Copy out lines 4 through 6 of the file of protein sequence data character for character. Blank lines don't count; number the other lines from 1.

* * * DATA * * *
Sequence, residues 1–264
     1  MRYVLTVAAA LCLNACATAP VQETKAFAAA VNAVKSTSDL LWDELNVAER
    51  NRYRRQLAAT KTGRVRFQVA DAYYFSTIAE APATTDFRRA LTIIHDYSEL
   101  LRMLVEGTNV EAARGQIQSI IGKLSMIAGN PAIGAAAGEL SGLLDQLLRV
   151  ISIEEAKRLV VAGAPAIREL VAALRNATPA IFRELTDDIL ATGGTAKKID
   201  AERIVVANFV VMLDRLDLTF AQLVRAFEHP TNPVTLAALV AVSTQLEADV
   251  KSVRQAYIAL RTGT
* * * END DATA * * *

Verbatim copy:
   101  LRMLVEGTNV EAARGQIQSI IGKLSMIAGN PAIGAAAGEL SGLLDQLLRV
   151  ISIEEAKRLV VAGAPAIREL VAALRNATPA IFRELTDDIL ATGGTAKKID
   201  AERIVVANFV VMLDRLDLTF AQLVRAFEHP TNPVTLAALV AVSTQLEADV